NJ Transit works to improve communication with commuters

Gov. Phil Murphy toured NJ Transit’s so-called war room where a wall of screens and data streams alert staff to problems. They’re alerts that now get blasted out on social media. When last summer’s engineer shortage caused a plague of canceled trains that left commuters stranded, Murphy ordered the operation into high gear.

“Much more aggressively going to commuters. As opposed to making you find us, we increasingly are finding you,” Murphy said.

But NJ Transit’s war room can’t solve its chronic issues with budget and staffing. The governor’s proposed fiscal year 2020 spending blueprint boosts the agency’s operating budget by a net $25 million. Senate President Steve Sweeney wants $100 million more.

Sen. Loretta Weinberg addressed NJ Transit’s board last week.

“Both Senate President Sweeney and I have questioned whether a $25 million increase in the operation of a $2.5 billion agency, which equals really to about a 1 percent increase, is adequate to even continue service at current levels, much less improve service,” said Weinberg at the meeting on March 13.

“Let me say that I agree with those who’d like to see us invest even more in NJ Transit,” Murphy said.

But Murphy Tuesday drew a line, saying he refused to hit up the state budget surplus, which he estimates will approach $1.2 billion next year.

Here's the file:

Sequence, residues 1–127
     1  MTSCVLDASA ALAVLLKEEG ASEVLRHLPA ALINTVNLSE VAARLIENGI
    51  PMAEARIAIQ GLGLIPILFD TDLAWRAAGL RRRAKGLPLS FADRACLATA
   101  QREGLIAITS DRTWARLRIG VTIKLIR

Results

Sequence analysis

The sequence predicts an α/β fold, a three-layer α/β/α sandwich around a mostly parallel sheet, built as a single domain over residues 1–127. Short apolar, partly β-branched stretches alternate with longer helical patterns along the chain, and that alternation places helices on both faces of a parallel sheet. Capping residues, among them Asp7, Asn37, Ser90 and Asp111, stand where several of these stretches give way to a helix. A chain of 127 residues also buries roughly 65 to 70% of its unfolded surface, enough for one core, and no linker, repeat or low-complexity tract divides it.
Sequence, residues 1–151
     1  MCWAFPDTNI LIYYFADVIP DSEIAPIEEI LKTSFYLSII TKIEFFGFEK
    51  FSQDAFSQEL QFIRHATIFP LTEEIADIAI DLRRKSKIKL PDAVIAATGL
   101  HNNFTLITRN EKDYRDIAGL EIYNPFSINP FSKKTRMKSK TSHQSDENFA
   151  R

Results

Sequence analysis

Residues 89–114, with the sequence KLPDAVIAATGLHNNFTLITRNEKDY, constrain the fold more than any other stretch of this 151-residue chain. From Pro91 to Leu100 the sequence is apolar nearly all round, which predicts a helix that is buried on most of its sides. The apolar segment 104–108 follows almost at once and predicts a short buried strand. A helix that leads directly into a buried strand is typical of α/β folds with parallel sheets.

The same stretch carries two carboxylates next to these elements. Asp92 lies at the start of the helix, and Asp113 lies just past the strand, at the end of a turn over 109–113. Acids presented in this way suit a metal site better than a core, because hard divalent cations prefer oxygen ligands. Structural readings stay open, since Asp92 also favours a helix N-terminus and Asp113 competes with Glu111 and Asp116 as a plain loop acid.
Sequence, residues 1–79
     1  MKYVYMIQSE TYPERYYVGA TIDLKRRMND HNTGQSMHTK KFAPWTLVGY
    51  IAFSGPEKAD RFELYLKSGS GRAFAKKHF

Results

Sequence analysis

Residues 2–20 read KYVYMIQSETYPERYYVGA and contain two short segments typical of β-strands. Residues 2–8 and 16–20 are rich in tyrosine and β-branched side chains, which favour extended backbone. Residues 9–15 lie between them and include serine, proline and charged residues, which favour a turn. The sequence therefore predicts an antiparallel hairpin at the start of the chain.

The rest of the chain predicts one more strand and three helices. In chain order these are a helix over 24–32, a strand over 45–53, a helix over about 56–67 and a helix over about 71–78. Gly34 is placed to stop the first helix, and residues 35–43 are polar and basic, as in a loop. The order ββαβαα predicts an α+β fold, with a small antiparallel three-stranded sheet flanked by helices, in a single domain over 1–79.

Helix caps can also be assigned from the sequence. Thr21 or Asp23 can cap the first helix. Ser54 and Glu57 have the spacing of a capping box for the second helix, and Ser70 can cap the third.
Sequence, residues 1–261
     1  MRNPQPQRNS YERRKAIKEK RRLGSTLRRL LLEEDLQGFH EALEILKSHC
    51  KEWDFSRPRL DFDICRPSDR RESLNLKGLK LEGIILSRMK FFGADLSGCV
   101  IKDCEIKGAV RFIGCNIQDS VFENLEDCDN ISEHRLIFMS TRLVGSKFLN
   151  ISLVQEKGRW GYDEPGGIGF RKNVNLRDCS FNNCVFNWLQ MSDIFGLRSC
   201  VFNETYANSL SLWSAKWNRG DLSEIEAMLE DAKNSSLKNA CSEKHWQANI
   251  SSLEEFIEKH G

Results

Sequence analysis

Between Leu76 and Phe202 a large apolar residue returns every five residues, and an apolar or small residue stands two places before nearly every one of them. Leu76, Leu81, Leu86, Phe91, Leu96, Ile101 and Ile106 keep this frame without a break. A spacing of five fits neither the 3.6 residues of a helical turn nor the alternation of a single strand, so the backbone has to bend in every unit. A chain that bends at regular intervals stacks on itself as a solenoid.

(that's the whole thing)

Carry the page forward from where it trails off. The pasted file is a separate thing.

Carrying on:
“One thing we can’t do is simply look at our surplus as a pot of money to be raided. The surplus is our state’s, essentially, rainy day fund,” Murphy said.

The governor’s admittedly laboring to dig NJ Transit out of a deficit created by eight years of starvation budgets under Gov. Chris Christie. The agency’s training 100 new engineers to replenish deep staff shortages. By contrast, Metro North has such a big engineer surplus that it pays some of them to stay home. Officials had hoped NJ Transit might borrow a few of those extras, engineers who used to work for NJ Transit, and would require minimal refresher courses. But Metro North said the railroad’s unions couldn’t agree on a plan.

“The training time that it would take would be past the time when we have our own engineers coming up. So we looked at it very closely and collaboratively with them but it didn’t work,” said NJ Transit Executive Director Kevin Corbett.

Which means as NJ Transit starts testing its positive train control installations this summer and engineers take days off, its emergency operations center will likely be tweeting.

“I believe that the engineering class size is more of a summer risk than positive train control, is that fair to say? In other words we’re building this pool up as aggressively as we can, but we’re not going to be in the promised land by Memorial Day,” Murphy said.

NJ Transit’s got six engineering classes underway, with the first class of 12 scheduled to graduate in May. That’s not soon enough, though, to avoid a potential summer of hell.